How can I increase my productivity at work

Why do I get that afternoon slump? How can I keep myself motivated during the day? These are questions that I get asked a lot and it’s always interesting to get peoples perspective on whether they feel their diet has an impact on not just their health but their productivity at work. The answers I get are always the same; “I don’t feel it makes much of a difference”, “the sugar rush helps wake me up” or “eating sugary foods motivates me and helps me concentrate”. If this is your honest opinion then that’s fair but the reality is that science tells us poor nutrition has a negative effect on your productivity.

So what do we know?

The international labour organisation (ILO) explains that how we choose to eat can increase or decrease our productivity by 20%. This is supported by the World Health Organisation, the head of public health for the United Nations. These figures may not shock some of us but when you consider that UK employers face costs of up to £30 a year due to rising levels in obesity, sickness and absence from work, it really starts to paint the overall picture.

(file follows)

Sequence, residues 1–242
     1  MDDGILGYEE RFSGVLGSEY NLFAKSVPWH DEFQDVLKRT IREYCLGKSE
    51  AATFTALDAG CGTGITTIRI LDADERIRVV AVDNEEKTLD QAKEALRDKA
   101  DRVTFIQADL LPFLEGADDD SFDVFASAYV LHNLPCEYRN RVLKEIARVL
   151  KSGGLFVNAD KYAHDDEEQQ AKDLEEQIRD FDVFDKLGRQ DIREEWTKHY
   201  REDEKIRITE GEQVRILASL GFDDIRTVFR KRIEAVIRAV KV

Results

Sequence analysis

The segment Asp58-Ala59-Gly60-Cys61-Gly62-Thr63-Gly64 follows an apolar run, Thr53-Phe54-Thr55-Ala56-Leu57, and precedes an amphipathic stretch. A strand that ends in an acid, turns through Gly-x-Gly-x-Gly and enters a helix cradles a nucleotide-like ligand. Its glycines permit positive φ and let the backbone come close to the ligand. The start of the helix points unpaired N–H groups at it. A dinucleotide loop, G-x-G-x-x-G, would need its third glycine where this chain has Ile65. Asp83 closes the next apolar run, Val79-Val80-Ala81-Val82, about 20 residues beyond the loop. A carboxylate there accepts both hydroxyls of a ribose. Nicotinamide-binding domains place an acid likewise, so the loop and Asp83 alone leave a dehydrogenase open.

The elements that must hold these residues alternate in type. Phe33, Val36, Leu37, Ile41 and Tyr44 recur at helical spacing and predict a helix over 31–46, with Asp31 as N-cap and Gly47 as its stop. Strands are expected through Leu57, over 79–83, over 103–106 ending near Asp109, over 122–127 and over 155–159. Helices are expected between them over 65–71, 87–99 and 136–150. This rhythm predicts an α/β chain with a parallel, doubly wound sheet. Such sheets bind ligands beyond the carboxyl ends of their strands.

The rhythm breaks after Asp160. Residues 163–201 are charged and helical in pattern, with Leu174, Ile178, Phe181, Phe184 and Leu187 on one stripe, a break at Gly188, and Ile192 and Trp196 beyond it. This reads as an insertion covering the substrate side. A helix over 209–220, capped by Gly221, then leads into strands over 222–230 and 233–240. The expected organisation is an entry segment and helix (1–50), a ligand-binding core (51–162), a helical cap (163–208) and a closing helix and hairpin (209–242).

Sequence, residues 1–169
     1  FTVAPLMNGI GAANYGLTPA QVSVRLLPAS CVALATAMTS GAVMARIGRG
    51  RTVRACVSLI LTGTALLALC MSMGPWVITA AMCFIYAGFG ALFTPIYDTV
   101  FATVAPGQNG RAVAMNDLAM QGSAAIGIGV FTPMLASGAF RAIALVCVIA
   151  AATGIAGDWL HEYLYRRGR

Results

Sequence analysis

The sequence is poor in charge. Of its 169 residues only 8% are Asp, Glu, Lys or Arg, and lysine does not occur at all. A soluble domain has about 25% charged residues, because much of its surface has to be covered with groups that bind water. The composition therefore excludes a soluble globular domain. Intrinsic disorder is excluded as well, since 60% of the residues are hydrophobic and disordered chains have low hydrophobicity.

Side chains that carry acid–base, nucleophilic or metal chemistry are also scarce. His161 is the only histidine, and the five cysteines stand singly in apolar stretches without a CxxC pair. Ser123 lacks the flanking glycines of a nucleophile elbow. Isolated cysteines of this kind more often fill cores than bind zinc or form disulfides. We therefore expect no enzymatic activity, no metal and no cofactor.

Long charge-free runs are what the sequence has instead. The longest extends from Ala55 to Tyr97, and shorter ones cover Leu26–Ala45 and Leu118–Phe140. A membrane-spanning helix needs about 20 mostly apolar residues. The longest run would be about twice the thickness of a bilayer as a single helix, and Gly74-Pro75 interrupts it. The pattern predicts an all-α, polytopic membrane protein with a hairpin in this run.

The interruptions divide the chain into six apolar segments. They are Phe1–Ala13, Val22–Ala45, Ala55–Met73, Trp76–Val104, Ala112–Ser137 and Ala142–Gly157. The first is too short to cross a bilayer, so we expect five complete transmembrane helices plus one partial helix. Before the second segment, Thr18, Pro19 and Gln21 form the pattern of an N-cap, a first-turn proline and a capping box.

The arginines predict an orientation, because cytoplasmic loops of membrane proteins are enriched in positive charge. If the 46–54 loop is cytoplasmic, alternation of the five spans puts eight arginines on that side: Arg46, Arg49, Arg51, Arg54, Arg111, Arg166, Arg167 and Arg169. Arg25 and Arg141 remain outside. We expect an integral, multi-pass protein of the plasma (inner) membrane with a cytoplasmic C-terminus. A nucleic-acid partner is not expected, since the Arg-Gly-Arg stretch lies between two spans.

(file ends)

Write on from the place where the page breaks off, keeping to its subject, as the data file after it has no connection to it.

How does our diet alter our ability to work?

Eating foods high in omega 3 and essential fatty acids is crucial for cognitive function and development. Vitamin and mineral intake coupled with adequate hydration will ensure an enriched blood flow to the brain and the ability to maintain concentration and optimal function.

Less absence, increased morale and mood, concentration & engagement, creativity and increased motivation are all positive effects of a well-balanced, fibrous and nutrient dense diet.

Brain foods v Drain foods

Take a look at the below list of foods, which category do you fall into?

Brain foods

Drain foods

Fish, Beef, Milk, cheese and dairy, wild rice, nuts, seeds, flax, beans, seafood, dark chocolate, fruits & veg, whole grains, water Refined sugars (milk or white chocolate, cookies, doughnuts etc), white starchy carbs (White rice, potato), fizzy drinks, salty or saturated fatty foods (processed meats or ready meals)

What can we do to change our bad habits?

Graze throughout the day

Grazing healthily throughout the day ensures your blood sugar level stays at a consistent level. Spikes and lows in blood sugar are bad for weight control, productivity and your brain.

Plan your meal in advance

Studies show we’re a lot better at resisting salt, calories, and fat in the future than we are in the present. Plan what you’re having before you get hungry and stick to it.

Make healthy snacking achievable

Place nuts, seeds and fruit within reach and make it easier to snack on healthier foods than sugary treats.

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